Monday, April 13, 2009


(This post stuck here for a time. Please scroll down for other postings)

Those reading this posting most likely make use of Twenty-first Century technology. Some of us clearly enjoy spending a lot of time with our electronic devices; others of us must do so because so many careers today require our making use of digital technology.

Recently, some studies have indicated that our reliance on the availably technology is actually changing our brains and possibly our society as well. From this article, written by neuroscientist Susan Greenfield:
...[T]he brain is not the unchanging organ that we might imagine. It not only goes on developing, changing and, in some tragic cases, eventually deteriorating with age, it is also substantially shaped by what we do to it and by the experience of daily life. When I say "shaped", I'm not talking figuratively or metaphorically; I'm talking literally. At a microcellular level, the infinitely complex network of nerve cells that make up the constituent parts of the brain actually change in response to certain experiences and stimuli.

The brain, in other words, is malleable - not just in early childhood but right up to early adulthood, and, in certain instances, beyond. The surrounding environment has a huge impact both on the way our brains develop and how that brain is transformed into a unique human mind.

Of course, there's nothing new about that: human brains have been changing, adapting and developing in response to outside stimuli for centuries.

...[T]he pace of change in the outside environment and in the development of new technologies has increased dramatically. This will affect our brains over the next 100 years in ways we might never have imagined.

Our brains are under the influence of an ever- expanding world of new technology: multichannel television, video games, MP3 players, the internet, wireless networks, Bluetooth links - the list goes on and on.


it's pretty clear that the screen-based, two dimensional world that so many teenagers - and a growing number of adults - choose to inhabit is producing changes in behaviour. Attention spans are shorter, personal communication skills are reduced and there's a marked reduction in the ability to think abstractly.

This games-driven generation interpret the world through screen-shaped eyes. It's almost as if something hasn't really happened until it's been posted on Facebook, Bebo or YouTube.

Add that to the huge amount of personal information now stored on the internet - births, marriages, telephone numbers, credit ratings, holiday pictures - and it's sometimes difficult to know where the boundaries of our individuality actually lie. Only one thing is certain: those boundaries are weakening....
Read the rest.

This article, positive in outlook, states the following:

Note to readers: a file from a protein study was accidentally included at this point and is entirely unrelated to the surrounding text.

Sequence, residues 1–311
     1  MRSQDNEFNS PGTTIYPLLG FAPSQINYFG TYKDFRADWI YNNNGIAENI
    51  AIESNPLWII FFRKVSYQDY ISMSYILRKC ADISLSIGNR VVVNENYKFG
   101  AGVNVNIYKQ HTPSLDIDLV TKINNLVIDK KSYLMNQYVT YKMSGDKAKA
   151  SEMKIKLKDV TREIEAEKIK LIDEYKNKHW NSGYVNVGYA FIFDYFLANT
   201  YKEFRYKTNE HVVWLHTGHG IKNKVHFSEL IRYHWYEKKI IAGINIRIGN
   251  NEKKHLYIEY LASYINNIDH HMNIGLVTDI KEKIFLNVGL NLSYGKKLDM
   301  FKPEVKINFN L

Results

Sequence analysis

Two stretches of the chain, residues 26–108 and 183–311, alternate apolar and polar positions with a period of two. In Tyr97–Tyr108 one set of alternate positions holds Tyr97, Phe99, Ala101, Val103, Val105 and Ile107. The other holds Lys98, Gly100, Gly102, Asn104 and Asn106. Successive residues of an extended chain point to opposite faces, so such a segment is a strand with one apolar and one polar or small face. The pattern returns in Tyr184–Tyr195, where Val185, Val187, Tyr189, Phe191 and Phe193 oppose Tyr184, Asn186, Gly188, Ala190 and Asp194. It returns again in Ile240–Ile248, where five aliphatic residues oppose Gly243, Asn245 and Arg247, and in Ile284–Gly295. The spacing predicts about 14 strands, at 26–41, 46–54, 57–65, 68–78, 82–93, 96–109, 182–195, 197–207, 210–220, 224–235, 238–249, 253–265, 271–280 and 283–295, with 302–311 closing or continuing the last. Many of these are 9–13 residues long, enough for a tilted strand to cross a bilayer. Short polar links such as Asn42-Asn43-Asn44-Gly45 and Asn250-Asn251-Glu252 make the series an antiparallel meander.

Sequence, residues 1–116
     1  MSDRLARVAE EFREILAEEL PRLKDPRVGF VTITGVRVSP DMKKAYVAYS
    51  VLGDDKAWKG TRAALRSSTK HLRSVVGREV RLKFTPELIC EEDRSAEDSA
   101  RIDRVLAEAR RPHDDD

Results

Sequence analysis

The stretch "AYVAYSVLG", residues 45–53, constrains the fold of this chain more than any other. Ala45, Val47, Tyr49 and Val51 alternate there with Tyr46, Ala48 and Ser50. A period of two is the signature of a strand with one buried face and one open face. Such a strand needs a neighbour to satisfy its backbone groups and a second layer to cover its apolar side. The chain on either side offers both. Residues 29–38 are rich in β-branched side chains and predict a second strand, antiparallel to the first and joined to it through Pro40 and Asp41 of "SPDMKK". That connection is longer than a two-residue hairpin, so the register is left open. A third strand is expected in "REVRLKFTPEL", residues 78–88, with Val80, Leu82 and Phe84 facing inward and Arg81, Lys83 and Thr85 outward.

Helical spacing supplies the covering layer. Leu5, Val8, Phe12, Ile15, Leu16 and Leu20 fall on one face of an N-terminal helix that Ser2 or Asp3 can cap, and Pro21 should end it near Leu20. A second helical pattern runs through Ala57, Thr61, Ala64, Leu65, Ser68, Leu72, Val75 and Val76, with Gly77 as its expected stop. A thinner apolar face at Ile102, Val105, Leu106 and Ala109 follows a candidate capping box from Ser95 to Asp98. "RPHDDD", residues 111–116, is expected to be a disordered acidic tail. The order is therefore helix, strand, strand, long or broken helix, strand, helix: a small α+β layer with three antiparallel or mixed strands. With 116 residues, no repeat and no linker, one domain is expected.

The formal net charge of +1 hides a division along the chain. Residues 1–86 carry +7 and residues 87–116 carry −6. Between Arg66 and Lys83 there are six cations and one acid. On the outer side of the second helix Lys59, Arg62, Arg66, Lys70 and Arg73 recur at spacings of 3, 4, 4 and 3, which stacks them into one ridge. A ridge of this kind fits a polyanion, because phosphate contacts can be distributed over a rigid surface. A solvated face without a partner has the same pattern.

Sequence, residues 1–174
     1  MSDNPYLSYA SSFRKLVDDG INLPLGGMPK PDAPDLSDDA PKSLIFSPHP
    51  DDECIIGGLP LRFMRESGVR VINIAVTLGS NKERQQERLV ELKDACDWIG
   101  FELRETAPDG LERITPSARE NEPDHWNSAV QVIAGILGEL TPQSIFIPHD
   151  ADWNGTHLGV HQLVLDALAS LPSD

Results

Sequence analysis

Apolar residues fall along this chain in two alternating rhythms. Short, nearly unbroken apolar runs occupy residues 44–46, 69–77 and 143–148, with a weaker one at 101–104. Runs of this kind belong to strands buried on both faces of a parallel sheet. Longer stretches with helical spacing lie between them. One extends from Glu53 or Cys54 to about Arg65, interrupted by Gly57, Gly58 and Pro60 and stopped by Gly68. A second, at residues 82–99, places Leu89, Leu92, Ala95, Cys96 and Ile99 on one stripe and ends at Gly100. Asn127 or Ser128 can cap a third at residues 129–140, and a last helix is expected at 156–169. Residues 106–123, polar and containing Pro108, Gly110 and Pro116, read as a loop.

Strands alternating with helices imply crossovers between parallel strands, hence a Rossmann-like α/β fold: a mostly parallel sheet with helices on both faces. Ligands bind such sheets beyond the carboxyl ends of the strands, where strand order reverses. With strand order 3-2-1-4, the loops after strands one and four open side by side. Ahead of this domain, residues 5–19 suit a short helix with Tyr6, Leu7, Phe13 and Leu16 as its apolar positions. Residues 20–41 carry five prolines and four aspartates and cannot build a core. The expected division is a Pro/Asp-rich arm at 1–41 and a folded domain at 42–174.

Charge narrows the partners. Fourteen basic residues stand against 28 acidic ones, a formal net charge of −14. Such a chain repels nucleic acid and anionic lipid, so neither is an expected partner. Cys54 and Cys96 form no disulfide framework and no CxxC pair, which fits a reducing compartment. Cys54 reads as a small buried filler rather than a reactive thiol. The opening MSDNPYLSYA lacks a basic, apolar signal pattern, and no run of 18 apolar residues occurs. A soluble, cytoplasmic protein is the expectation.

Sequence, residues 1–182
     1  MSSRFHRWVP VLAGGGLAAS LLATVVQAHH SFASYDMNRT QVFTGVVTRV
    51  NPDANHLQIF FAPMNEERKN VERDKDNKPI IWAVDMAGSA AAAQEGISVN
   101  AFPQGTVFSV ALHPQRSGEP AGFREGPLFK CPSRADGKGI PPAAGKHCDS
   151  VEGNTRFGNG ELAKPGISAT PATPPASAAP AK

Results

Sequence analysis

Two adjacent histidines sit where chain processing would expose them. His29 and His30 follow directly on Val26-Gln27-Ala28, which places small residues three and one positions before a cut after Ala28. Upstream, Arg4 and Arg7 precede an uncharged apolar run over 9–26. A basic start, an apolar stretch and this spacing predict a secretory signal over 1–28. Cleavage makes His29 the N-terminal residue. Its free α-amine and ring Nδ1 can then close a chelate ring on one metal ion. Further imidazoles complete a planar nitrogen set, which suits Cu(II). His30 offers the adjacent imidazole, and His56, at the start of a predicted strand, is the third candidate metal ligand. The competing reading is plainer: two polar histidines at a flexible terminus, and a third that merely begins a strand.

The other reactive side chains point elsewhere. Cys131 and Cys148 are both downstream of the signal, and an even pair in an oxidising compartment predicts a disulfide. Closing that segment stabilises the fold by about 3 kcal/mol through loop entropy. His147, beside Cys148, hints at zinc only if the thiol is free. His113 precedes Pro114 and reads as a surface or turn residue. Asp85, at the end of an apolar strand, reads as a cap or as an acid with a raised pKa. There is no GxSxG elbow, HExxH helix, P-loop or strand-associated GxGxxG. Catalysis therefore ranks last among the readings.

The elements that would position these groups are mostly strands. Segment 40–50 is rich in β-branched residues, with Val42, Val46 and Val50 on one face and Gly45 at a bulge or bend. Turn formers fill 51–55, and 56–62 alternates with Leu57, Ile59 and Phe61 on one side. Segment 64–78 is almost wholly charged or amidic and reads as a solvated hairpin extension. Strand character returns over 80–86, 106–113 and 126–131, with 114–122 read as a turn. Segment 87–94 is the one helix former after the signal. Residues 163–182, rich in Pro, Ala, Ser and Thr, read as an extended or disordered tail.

Scientists are beginning to document the traces that the Internet leaves on sensitive young brains. People who play a lot of action video games, for instance, process visual information more quickly than people who don't, according to a seminal 2003 article in Nature. (The study was initiated by a pre-med student who stayed up all night playing Counter-Strike.)

Digital immersion affects the Net Generation in other ways, too. They don't necessarily read from left to right, or from beginning to end. They're more sensitive to visual icons than older people are, and they absorb more information when it's presented with visual images than when it's offered in straight text. This may help them be better scanners, a useful skill when you're confronted with masses of online information.

Many experts contend that if young people try to absorb multiple streams of information at the same time, they'll make mistakes, slow down, and think less deeply and creatively. My observation of hundreds of Net Geners leads me to a different conclusion: Net Geners are faster than I am at switching tasks and better at blocking out background noise. They can work effectively with music playing and news coming in from Facebook. They can keep up their social networks while they concentrate on work—they seem to need this to feel comfortable. I think they've learned to live in a world where they're bombarded with information, so that they can block out the TV or other distractions while they focus on the task at hand. This is a powerful advantage in a digital environment that's buzzing with multiple streams of information....
As expected and contrary to the excerpt immediately above, much information about the impact of technology on our brains and our lives warns of dangers to which we expose ourselves by spending so much time with digital devices. Specifically, while doing research for this FEATURED QUESTION, I found much about internet addiction and even The Center for Internet Addiction Recovery.

Since you started making use of digital-age available technology, have you experienced any brain, behavioral, or social changes — positive or negative?

Labels: ,

Bookmark and Share
posted by Always On Watch @ 4/13/2009 08:00:00 AM